Thursday, October 29, 2009
Monday, October 26, 2009
Check out Dan Haas's blog, Nervous Birds for some delightful Peregrine pictures and the life history of our own Annapolis bird.
Warren and I kayaked out and tried (unsuccessfully) all summer to get a glimpse of the pair that hung around the Severn River Bridge, so its nice to learn her life story.
And, nice to hope for nesting success next year!
Saturday, October 24, 2009
First and foremost, Lisa just snagged us The Sibley Guide to Trees. It's amazing. Guess what she's been doing on Saturday morning?
Thursday, October 22, 2009
Sunday, October 18, 2009
As Lisa blogged last week, we were lucky enough last weekend to participate in a Big Sit at Patuxent National Wildlife Refuge and, after that was over, take a peek at the entries for the 2010-2011 federal "duck stamp." As readers of Bircouple.com all know, the stamp, required for waterfowl hunters, helps purchase and preserve thousands of acres of habitat in NWRs..
While we were away, Paul Baicich kept us updated on the Duck Stamp art contest, from his computer straight to Warren's BlackBerry. Without further ado, the winner is:
... This beautiful American Wigeon by Robert Bealle of Waldorf, Maryland. Robert came in 2nd in the contest -- 26 years ago -- and has been trying again ever since. We love this image (can't wait to buy our stamp) and are very proud that the prize went to a local boy. Paul also passed on this story from the Baltimore Sun.
Congrats Robert. The rest of you ... BUY THAT STAMP! :)
Saturday, October 17, 2009
Thursday, October 15, 2009
Our group included 3 families who home schooled their children and were using the Big Sit as a learning experience.Love that!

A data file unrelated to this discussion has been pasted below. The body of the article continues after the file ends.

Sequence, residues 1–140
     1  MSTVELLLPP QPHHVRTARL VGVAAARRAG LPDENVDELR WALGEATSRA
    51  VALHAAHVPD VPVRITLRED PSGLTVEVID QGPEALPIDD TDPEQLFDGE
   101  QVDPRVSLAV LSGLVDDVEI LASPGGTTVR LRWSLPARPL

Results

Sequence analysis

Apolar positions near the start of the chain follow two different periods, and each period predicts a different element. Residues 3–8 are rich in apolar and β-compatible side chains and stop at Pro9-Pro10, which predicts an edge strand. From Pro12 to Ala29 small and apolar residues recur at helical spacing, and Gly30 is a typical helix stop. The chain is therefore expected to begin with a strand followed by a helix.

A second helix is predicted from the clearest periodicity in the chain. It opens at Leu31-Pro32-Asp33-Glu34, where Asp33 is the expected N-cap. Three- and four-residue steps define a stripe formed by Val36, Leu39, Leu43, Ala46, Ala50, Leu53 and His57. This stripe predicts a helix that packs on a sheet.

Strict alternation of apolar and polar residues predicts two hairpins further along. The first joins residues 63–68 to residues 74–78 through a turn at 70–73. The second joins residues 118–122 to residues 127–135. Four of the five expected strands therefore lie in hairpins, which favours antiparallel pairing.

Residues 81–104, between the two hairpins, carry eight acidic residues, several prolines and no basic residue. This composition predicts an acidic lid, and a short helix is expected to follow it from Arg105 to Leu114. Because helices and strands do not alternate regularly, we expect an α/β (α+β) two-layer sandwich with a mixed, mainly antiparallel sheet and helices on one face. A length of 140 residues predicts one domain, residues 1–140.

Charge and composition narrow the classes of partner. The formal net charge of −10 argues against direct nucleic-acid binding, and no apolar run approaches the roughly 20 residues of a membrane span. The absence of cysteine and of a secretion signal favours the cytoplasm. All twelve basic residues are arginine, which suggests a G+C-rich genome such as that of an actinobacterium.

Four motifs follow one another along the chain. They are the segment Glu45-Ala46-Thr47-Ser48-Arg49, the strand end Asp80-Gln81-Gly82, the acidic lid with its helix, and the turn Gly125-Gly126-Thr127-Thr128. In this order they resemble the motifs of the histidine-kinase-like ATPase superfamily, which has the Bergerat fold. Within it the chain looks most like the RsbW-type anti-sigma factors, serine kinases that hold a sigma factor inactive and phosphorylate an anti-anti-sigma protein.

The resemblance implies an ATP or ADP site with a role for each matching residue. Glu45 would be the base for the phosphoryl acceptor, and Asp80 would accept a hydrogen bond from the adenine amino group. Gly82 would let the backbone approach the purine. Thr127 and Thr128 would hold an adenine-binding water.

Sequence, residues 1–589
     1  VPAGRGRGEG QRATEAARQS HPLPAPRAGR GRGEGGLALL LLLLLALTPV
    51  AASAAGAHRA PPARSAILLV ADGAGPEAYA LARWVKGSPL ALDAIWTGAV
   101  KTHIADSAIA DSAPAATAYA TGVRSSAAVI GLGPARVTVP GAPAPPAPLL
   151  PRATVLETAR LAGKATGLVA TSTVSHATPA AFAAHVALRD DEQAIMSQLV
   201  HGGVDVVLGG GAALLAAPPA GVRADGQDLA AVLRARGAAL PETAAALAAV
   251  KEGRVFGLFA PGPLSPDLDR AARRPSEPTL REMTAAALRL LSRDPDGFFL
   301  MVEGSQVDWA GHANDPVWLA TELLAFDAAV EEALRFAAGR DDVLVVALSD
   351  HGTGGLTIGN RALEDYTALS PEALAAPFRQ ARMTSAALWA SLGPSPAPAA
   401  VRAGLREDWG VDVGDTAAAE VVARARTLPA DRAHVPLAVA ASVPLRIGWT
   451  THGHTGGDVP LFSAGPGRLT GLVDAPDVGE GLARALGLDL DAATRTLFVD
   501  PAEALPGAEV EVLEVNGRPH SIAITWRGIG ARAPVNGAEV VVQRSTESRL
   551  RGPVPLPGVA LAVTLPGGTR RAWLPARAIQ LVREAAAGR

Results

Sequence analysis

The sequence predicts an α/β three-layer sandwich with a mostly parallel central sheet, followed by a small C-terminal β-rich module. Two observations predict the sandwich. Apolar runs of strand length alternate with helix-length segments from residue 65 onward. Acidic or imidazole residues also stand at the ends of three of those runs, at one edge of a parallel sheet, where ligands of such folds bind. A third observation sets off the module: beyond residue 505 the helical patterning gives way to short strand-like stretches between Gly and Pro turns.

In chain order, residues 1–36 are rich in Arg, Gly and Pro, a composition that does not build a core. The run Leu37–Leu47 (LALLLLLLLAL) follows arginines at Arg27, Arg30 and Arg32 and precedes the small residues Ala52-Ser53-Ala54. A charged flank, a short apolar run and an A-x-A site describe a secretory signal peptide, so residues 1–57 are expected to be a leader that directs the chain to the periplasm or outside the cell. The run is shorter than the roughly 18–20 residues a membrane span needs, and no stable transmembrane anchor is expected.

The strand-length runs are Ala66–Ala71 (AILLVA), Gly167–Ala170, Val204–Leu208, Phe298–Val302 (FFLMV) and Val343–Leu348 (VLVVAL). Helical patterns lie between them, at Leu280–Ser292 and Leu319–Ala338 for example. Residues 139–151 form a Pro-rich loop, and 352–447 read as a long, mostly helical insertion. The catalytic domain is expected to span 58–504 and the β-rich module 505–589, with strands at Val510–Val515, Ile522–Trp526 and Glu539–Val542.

Each year the U.S. Fish and Wildlife Service selects 5 species, any one of which can be painted.
Wood Ducks were popular choices....
I love the leaf in the water and the way the way the Gadwall's eye kind of follows you...
Two very traditional looking entries....
Saturday, October 10, 2009
He came across this oh-so-true sentence early in the book:
To the ornithologist, no corner of the earth is dull, no season is without its compensations.
One of the things that we like about birding (besides the fact that it's calorie-free, legal and just plain fun), is that you can do it anywhere. Well, just about anywhere. And even if you have just a few spare moments on your hands in some unexpected corner of the planet.
Birdcouple's been on the move a fair bit lately. Warren was up in New York in late September for the annual United Nations meetings, and then he met the Princess at Trenton, N.J., train station, where BC headed for the Appalachian Trail and a lovely, if wet, two-day hike. Then it was back to Annapolis and, unexpectedly, Warren was off to Geneva to cover some high-stakes nuclear diplomacy with Iran.
Yes, he packed his bins and 35-year-old Hamlyn Guide to Birds of Britain and Europe. Yes, he took a lovely 90-minute walk around the shore of Lake Geneva early one morning. Yes, he saw a lot of birds, all common Eurasian species. And yes, there were two lifers: Great-Crested Grebe and Carrion Crow.
Driving to the grocery store, taking the Metro to work, looking out your back window, grabbing a few spare minutes in a far-off city - birding, you can do it anywhere.
Wednesday, October 7, 2009
Sunday, October 4, 2009
This odd-looking goose jumped out at both Lisa and I as we surveyed a flock of Canada Geese at the Crownsville Waste-Water Treatment Plant on Sunday morn.
It's obviously a Canada Goose hybridized with something else. Question is, is it a Canada Goose x Greater White_Fronted Goose or Canada Goose x Greylag (Domestic) Goose?
Thoughts, opinions welcome!
P.S. - Given this bird's size, the emerging consensus seems to be that it is a Canada x Greylag hybrid. Thanks to all!